It's On Us Now 'To Form a More Perfect Union'

Jul 04, 2013 | Updated Sep 03, 2013

Two hundred and thirty-seven years ago our Founding Fathers declared Independence and raised up their quills and muskets in order to form a "more perfect Union." Honoring that principal, it is up to all of us to do our part and continue the struggle towards that ideal our Founding Fathers envisioned for us.

They would be proud that the U..S is now a global superpower, but the fact we have millions of children going to bed hungry in our nation would not. According to the USDA (United States Department of Agriculture) 16.7 million children under 18 in the United States live in households where they are unable to consistently get enough nutritious food necessary for a healthy life. Children must have access to healthy nutritious food to flourish and grow. Childhood hunger has devastating long-term consequences not only for the individual child but for all our society. Food insecurity is linked to increased hospitalizations, developmental problems, headaches, stomachaches and childhood obesity; leading to significant future health problems. Hungry kids also don't do well in school on empty stomachs. Not surprisingly, food insecure children are also more likely to have an inability to concentrate, and poor academic performance. For hungry kids the odds are stacked against them and that has long term scholastic and economic consequences. Childhood hunger is a critical issue for our national health, well-being and future.


While one in four children experience hunger in the U.S. an awful paradox exists; over 96 billion pounds of edible food end up in landfills. Millions of tons of fruit and vegetables rot in fields and orchards. Many times these edible crops are left behind because they are misshapen, discolored, or the wrong size. Forty percent of all food grown in the U.S. goes from farm to landfill according to the EPA. Major retail grocery chains are more likely to throw away short dated food than donate them to food banks. Although the federal "Good Samaritan Food Donation Act" was signed into law by President Clinton, protecting grocers from liability, many stores are unaware of the legislation. The USDA reports that most food reaching it's "best before date" or "freshest by date" remains edible for up to one week if refrigerated properly. Foods with short shelf lives like fresh fruits and vegetables are most often tossed in grocery store dumpsters because of a few brown spots. America is the land of innovation and this waste just doesn't make sense. When grocers divert short dated good food they can't sell to food banks instead of trashing it; they lower their dumpster fees, get potential tax benefits, reduces landfill waste, and just do the right thing.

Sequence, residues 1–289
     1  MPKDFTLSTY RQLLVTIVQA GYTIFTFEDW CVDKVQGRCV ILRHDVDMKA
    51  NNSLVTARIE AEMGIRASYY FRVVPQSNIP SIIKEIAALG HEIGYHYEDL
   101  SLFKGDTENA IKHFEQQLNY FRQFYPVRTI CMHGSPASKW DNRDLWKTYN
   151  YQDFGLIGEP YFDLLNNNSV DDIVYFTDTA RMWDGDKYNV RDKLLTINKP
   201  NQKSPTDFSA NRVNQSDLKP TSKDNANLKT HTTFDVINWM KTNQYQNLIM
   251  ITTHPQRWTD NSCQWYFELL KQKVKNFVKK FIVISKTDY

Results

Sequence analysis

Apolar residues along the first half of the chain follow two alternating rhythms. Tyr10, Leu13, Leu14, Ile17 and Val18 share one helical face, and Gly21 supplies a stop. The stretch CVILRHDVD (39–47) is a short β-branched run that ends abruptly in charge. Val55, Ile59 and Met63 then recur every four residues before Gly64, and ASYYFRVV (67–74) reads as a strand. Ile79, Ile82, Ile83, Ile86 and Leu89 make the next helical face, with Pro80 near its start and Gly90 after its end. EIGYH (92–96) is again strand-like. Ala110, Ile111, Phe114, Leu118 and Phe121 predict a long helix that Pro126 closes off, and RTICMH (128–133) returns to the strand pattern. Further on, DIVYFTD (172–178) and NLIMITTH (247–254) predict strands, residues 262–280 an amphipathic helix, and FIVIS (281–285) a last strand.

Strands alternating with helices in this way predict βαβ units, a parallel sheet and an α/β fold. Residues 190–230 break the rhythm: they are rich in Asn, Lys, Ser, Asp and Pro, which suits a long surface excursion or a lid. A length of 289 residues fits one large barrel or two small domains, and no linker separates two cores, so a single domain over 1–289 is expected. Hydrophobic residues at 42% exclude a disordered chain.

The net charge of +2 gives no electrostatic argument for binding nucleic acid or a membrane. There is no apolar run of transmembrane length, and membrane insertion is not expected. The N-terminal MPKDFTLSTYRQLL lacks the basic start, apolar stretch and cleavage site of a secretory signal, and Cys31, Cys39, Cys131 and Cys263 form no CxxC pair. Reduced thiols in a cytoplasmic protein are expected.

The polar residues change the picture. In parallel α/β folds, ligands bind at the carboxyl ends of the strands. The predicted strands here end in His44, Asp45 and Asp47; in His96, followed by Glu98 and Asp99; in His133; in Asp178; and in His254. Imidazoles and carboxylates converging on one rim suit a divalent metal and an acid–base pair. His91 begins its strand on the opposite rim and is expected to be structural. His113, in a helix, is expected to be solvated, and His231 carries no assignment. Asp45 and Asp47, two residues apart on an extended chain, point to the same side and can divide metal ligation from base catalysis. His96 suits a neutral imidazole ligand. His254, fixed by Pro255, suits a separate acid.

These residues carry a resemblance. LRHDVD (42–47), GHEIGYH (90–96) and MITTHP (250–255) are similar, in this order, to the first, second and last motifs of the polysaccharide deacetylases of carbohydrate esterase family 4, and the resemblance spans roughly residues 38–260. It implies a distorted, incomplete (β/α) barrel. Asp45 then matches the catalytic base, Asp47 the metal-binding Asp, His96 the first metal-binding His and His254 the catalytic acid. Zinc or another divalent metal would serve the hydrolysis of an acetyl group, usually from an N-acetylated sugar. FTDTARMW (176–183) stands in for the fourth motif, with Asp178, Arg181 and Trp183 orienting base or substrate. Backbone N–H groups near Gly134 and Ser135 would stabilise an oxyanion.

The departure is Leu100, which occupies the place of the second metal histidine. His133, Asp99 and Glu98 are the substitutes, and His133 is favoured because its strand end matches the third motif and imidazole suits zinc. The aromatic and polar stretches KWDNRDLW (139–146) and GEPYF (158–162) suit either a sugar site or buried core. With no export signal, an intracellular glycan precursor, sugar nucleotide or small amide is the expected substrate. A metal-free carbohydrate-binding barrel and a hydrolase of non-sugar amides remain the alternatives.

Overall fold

Awareness is the first step to action. Once there is national attention to the "Donate Don't Dump" alternative to the existing paradigm of commercial food waste, millions of pounds of healthy short shelf life foods can feed hungry children instead of clogging landfills. Food banks are desperate for more resources to help meet growing needs. With the economic downturn and government cuts the need grows but resources do not. The "Donate Don't Dump" solution of partnering commercial food companies with food banks has the potential to create the next generation of the "green movement." Food banks struggle to raise enough funds for operations and generally function with a shoe string staff, but with our outside support the idea of "food rescue" could become a national game changer.

Food rotting in landfills is also horrible for the environment. It quickly rots and creates methane gas which is a 21 times more potent greenhouse gas than carbon dioxide. State of California studies have found that more than six million tons of food products are dumped annually, enough to fill the Staples Center in Los Angeles 35 times over. Food is the largest single source of waste in California, making up 15.5 percent of California's waste stream, according to the California Integrated Waste Management Board. While some major grocery chains donate food, others do not and consumers don't have any way to identify them. We can change this. The green movement has proven that when consumers voice their concerns corporations listen.


Grocery stores, growers, and food companies will continuously have surplus or short-dated healthy wholesome food they can't sell and that supply could make an enormous difference to hungry children at little cost. According to a recent report, "reducing losses by just 15 percent could feed more than 25 million Americans every year." Donating short dated food to food banks is a potential national dual solution to alleviating hunger and helping the environment in a sustainable manner that helps millions of children. Young people especially can be virtual volunteers through social media to get the message out. Get those thumbs ready; comment, Tweet, share and think Revolution. Childhood hunger in the U.S. is completely unacceptable and we don't even need to take up our muskets to make a difference; we just need to care about making a "more perfect Union."

We the People of the United States, in Order to form a more perfect Union, establish Justice, insure domestic Tranquility, provide for the common defense, promote the general Welfare, and secure the Blessings of Liberty to ourselves and our Posterity, do ordain and establish this Constitution for the United States of America.